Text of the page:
If you’re newly pregnant, you probably know that the dreaded morning sickness symptom of pregnancy could be just around the corner. Or maybe you’re already in the middle of experiencing it. But what might catch you off guard is if you are one of the 1-3% of pregnant mamas who experience a more serious condition called Hyperemesis Gravidarum—or severe morning sickness.
How is Hyperemesis Gravidarum Different from Regular Morning Sickness?
Just as with normal cases of morning sickness, hyperemesis gravidarum (HG) is thought to be caused by rising hormone levels—but the exact cause of this severe condition is still unknown. As with other pregnancy-related morning sickness, symptoms typically appear by six weeks pregnant, and peak between 9-13 weeks.
However, there’s a big difference. Mamas who experience severe morning sickness have to deal with way more than just nausea or occasional vomiting. And the condition can have a significant effect on a pregnant person’s well-being, not to mention their growing baby.
“Normal” morning sickness symptoms include:
- Mild queasiness to intense nausea (whether in the morning or throughout the day)
- Occasional vomiting (can sometimes be set off by certain smells)
- Trouble keeping certain foods/food groups down
The following symptoms are not normal, and could point to Hyperemesis Gravidarum. If you experience any of the following, contact your provider:
- Nausea that doesn’t subside, along with severe, frequent vomiting
- Dehydration due to vomiting (signs of dehydration include dry mouth, thirst, small amounts of dark urine, feeling lightheaded)
- The inability to keep most food or drink down due to vomiting
- Weight loss of 5% or more of pre-pregnancy weight
- Extreme fatigue
- Low blood pressure
How is Hyperemesis Gravidarum treated?
For many mamas the symptoms of hyperemesis gravidarum ease up somewhere in the second trimester (14-20 weeks pregnant). However, it’s possible that some HG patients might need care throughout their entire pregnancy.
There are a few prescription medications your provider may be able to recommend to treat severe morning sickness—however it’s important to discuss the pros and cons, and ensure that you’re informed of the benefits and risks of any medication. Your provider might also recommend additional measures such as:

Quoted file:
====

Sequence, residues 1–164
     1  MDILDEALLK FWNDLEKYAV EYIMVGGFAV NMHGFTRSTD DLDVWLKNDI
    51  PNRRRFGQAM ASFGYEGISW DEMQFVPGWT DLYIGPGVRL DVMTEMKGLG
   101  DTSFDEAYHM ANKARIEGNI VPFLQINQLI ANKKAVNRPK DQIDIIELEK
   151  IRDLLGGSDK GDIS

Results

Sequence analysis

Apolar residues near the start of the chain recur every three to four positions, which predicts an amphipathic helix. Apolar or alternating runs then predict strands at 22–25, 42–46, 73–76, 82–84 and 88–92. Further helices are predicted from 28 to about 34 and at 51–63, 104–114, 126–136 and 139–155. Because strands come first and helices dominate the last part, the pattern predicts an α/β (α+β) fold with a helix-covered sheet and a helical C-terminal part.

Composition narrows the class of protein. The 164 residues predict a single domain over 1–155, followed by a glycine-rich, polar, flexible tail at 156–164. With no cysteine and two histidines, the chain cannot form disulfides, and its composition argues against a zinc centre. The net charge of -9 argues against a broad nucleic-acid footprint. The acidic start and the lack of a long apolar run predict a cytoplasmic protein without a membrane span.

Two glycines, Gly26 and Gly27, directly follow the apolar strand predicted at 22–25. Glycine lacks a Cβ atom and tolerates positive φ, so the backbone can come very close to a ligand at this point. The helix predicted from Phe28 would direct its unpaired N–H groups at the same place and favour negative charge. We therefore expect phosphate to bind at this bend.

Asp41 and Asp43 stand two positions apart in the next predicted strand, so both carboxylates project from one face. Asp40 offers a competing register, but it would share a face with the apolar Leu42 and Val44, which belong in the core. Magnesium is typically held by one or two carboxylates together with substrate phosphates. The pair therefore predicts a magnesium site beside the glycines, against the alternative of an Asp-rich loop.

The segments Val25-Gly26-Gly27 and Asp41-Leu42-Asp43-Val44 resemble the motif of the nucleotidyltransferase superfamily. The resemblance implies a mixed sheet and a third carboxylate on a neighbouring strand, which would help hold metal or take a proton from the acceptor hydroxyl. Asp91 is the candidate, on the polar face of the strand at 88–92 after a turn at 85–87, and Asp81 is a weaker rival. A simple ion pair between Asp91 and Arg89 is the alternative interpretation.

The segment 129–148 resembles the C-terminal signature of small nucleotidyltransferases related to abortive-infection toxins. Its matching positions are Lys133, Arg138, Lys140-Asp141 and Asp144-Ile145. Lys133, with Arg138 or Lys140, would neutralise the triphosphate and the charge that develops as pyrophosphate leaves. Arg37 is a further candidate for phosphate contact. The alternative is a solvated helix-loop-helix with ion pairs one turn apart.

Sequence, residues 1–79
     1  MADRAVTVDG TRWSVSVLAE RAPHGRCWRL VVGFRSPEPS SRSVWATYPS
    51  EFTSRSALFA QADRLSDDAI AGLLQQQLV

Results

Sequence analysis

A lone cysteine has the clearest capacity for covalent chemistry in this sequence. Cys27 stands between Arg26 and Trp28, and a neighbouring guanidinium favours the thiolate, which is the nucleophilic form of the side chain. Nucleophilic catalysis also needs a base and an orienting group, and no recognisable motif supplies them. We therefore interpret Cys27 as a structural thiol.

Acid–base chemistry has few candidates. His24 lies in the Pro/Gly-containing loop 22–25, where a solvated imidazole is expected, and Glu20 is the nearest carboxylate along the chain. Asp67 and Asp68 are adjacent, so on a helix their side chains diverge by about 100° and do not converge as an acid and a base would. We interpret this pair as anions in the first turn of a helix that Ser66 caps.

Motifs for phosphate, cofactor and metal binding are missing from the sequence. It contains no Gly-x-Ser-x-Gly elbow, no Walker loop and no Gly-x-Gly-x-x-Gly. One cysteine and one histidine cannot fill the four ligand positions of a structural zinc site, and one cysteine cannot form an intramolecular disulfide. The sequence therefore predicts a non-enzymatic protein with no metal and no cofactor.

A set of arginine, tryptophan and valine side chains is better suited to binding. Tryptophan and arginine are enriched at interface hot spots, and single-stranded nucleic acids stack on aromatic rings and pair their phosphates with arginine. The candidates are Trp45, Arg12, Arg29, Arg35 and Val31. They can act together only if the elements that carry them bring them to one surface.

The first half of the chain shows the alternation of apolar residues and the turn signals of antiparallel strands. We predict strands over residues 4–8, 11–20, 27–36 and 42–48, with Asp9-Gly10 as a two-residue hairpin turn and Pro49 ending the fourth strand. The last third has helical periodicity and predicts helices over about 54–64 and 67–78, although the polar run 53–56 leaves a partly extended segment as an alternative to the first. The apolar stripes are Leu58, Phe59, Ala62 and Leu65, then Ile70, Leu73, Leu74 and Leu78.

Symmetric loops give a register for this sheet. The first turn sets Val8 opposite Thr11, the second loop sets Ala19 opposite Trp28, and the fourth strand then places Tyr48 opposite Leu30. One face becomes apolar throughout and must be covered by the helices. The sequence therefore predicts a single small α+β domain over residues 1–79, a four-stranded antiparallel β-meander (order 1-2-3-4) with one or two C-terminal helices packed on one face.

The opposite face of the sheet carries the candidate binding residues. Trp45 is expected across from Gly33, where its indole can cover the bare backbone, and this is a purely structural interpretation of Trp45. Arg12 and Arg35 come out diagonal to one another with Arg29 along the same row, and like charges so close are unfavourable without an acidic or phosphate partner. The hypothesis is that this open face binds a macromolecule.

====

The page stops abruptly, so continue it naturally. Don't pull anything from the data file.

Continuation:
- Bed Rest: while bed rest might help mamas with severe cases of HG avoid some nausea and provide a certain level of comfort, it can also have downsides like muscle loss and a more difficult time recovering after delivery
- Vitamins: some providers may recommend certain vitamins (such as Thiamin or other B vitamins) to decrease nausea and help with your electrolyte balance
- Acupressure: for some amas, acupressure at certain pressure points might help with nausea relief. One common pressure point is at the inner wrist, three fingers away from crease of hand (right between the two tendons). Wearing Sea Bands (typically found in your local drugstore) can help to keep constant pressure on this point
- Herbal remedies: low-dose ginger supplements, chews or teas may be helpful to soothe nausea
In some cases, HG mamas might require hospitalization in order to get an IV for hydration, electrolytes, vitamins and nutrients. In extreme cases, tube feeding could be required in order to ensure proper nutrition for both mama and baby.
If you suspect you might have hyperemesis gravidarum, schedule an appointment with your provider immediately. They will do an examination (of you and baby), and order blood tests to determine whether your levels are normal. Weight loss and nutrient deficits during pregnancy are serious things, mama—both for your own health, and the health of your growing baby. Don’t wait to get the help you need.